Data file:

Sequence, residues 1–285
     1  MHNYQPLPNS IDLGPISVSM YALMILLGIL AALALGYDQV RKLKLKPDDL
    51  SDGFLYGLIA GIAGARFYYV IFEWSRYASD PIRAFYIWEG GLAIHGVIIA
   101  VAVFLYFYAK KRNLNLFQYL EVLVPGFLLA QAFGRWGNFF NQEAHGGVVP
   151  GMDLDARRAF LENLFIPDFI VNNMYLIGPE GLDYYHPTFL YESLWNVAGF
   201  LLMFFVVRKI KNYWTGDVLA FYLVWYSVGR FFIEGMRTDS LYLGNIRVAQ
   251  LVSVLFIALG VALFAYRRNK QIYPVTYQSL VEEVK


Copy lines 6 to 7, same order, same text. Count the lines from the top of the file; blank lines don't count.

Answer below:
   201  LLMFFVVRKI KNYWTGDVLA FYLVWYSVGR FFIEGMRTDS LYLGNIRVAQ
   251  LVSVLFIALG VALFAYRRNK QIYPVTYQSL VEEVK